Iraq, Ohio partner for education

Kristyn Soltis

100 students set to attend state universities in fall

Eric Fingerhut, chancellor for the Ohio Board of Regents, and Iraqi Prime Minister Nouri Al-Maliki signed a memorandum of understanding July 25 at the Academy for Educational Development creating an education partnership between the University System of Ohio and the Republic of Iraq as part of the Iraqi Education Initiative.

The Iraqi Education Initiative has set a goal of sending 300 students abroad to the United States as a pilot study group for the 2009-2010 school year, funded by the Iraqi government.

“There are supposed to be 300 students coming the first year to the United States and of those students, Fingerhut managed to get 100 of them,” said Mary Anne Saunders, executive director of International Affairs at Kent State. “Do that math, that’s amazing.”

The partnership will put into practice Ohio’s 10-year strategic plan for higher education by increasing the number of international students studying and graduating from Ohio universities.

“It’s going to impact both the student and the institution because the student, of course, will have a life-transformative experience, will come to another country and take advantage of the excellent Ohio university system,” Saunders said. “On the other hand, (Kent State) will benefit because there will be students here that can interact with Iraqi nationals and be able to ask them about their experiences and will be able to learn from them.”

The memorandum of understanding expects 10 students to enter the medical education community, successfully complete the United States medical licensing examination and be accepted to residency programs and institutions affiliated with Ohio medical schools.

“The additional 10 students to Ohio medical schools were separated out because those admission requirements differ from those of the other programs,” said Michael Chaney, Ohio Board of Regents chief communications officer.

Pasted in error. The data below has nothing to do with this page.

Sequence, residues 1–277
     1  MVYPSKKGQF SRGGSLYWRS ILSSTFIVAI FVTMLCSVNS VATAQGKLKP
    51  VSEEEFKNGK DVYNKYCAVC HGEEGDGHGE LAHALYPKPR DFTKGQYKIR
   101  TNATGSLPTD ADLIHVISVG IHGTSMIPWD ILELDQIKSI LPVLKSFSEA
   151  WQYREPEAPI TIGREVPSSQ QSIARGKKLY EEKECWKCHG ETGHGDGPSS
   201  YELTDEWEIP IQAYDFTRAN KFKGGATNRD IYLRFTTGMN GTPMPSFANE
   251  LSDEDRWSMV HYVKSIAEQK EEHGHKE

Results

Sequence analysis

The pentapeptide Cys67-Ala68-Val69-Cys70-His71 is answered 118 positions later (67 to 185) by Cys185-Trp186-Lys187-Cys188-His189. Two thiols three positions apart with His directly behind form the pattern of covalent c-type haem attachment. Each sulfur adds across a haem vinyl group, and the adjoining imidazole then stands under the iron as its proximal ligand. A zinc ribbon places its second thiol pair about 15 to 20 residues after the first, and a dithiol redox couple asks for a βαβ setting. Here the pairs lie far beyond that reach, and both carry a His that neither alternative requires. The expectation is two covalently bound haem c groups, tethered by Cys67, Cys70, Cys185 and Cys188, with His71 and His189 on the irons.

While the international affairs office has not been informed of any Iraqi students attending Kent State for the upcoming fall semester, Saunders anticipates the university will receive anywhere from two to 10 students by spring 2010.

“I figure that the universities that are capable of absorbing larger numbers will get students,” Saunders said. “Technically, we may only end up with two or three because if most of those students want to go to community colleges or if their English scores or whatever are just sort of borderline, they may end up at what I would consider a ‘transitional institution’ before they come here. I can’t predict, I mean this is a country that’s been a state in chaos for several years, so we can’t guarantee that their educational system has adequately prepared them.”

Chaney said no specific agreements have been made with institutions yet, but it will be worked out in the coming weeks.

Saunders said if Kent State is asked to make special arrangements to enroll the students for the spring, the Office of International Affairs would accommodate to their needs.

“If someone says to us, ‘we need you to stop everything and process these applications and get them in,’ guess what we’re going to do? We’re going to do that,” Saunders said. “We are very, very anxious to welcome them here.”

Contact principal reporter Kristyn Soltis at [email protected].